The bloggers at Feminist Philosophers featured this article from Australia’s Sydney Morning Herald about the real-world impact of pornography on human sexual relations. The Feminist Philosophers call the results “intriguing, and relevent to feminist discussions of pornography,” and mentions one particular survey.
According to the survey, where men used lots of internet pornography, the depictions of sexual interaction very soon come to “inform the couple™s sexual practices. To pull a quote from one interviewee: “It [sex] became more ‘porn’ style – pulling my hair, no kissing, slapping around a bit, all stuff I was initially OK with. And always he wanted to come in my face. There was no real intimacy, no thought about what I might like.
Based on our informal (and utterly unscientific) survey of friends, anectodal evidence suggests that the younger certain adult women are, the more likely they are to resemble the women featured in pornography in at least one respect: lack of pubic hair. Most contemporary pornography features women with highly groomed pubic hair, if any. So, too, most of the women under 40 whom we surveyed cultivate little or none themselves. (We acknowledge that our survey sample was comprised of economically privileged, educated, urban, U.S. women.)Women 40 and older were more likely to report that they maintain a natural look. Other factoids from our informal survey: young men and gay men trim.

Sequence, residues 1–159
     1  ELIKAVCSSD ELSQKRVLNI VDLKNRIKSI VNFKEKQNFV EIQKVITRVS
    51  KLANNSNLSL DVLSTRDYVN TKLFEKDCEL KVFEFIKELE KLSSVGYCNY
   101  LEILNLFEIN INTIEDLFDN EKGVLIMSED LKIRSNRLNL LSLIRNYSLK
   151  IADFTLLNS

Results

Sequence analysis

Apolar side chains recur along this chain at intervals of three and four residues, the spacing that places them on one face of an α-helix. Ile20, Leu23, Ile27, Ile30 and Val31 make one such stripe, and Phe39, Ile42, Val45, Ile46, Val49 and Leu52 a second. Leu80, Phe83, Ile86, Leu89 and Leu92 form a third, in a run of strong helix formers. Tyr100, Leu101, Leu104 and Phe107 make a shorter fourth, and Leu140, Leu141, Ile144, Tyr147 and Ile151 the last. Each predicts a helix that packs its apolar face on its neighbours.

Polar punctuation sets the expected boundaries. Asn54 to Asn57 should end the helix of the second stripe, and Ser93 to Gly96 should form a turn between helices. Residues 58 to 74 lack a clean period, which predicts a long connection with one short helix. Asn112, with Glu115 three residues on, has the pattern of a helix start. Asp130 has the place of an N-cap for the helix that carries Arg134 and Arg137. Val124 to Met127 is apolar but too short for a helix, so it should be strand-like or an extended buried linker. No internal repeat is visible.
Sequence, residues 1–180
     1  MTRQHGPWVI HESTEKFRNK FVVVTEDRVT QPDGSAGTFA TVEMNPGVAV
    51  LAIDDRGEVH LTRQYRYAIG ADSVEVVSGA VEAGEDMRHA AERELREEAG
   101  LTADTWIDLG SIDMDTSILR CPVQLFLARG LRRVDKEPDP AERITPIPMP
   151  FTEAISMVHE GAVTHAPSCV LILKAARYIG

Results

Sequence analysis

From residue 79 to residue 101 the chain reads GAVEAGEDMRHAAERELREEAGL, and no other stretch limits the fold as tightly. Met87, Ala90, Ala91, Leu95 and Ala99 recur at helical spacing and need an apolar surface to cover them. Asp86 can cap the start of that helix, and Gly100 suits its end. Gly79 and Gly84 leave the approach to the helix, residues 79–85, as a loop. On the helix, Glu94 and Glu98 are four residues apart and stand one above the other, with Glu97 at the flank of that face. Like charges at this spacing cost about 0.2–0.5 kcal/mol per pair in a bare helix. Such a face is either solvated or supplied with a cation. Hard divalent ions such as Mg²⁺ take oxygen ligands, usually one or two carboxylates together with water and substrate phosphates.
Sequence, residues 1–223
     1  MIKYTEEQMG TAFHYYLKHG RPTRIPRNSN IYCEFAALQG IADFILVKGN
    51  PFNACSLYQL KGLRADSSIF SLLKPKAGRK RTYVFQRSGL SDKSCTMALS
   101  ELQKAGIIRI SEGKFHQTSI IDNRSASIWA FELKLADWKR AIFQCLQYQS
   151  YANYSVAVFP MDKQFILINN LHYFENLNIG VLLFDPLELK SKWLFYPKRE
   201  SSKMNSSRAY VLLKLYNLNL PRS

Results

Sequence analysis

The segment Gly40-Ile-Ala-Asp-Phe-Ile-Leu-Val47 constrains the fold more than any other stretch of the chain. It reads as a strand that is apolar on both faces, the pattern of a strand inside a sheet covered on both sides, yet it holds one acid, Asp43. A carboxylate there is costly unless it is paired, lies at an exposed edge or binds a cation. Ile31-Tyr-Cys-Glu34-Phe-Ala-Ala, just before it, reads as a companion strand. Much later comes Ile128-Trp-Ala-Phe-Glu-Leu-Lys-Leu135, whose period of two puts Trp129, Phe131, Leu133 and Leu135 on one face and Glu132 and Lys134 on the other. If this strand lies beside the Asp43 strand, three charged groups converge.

We’re not trying to fan any flames of the debate (here at Alas! A Blog and here at The Happy Feminist) about whether one can embrace both feminism and bikini waxes. We take seriously a woman’s assertion that she finds happiness in both. But preferences about body hair arise out of cultural influences. According to this article in the (UK) Guardian:
Cultural commentators believe that, as male and female roles become more and more interchangeable, so the desire to distinguish between the genders in other ways becomes more pronounced. For women, removing vast quantities of body hair is a straightforward way to do this. It’s true that depilatory demands have risen in step with women’s position in society.
So now it’s feminism and pornography that are the sources of depilatory desires?
-Bridget Crawford and Amanda Kissel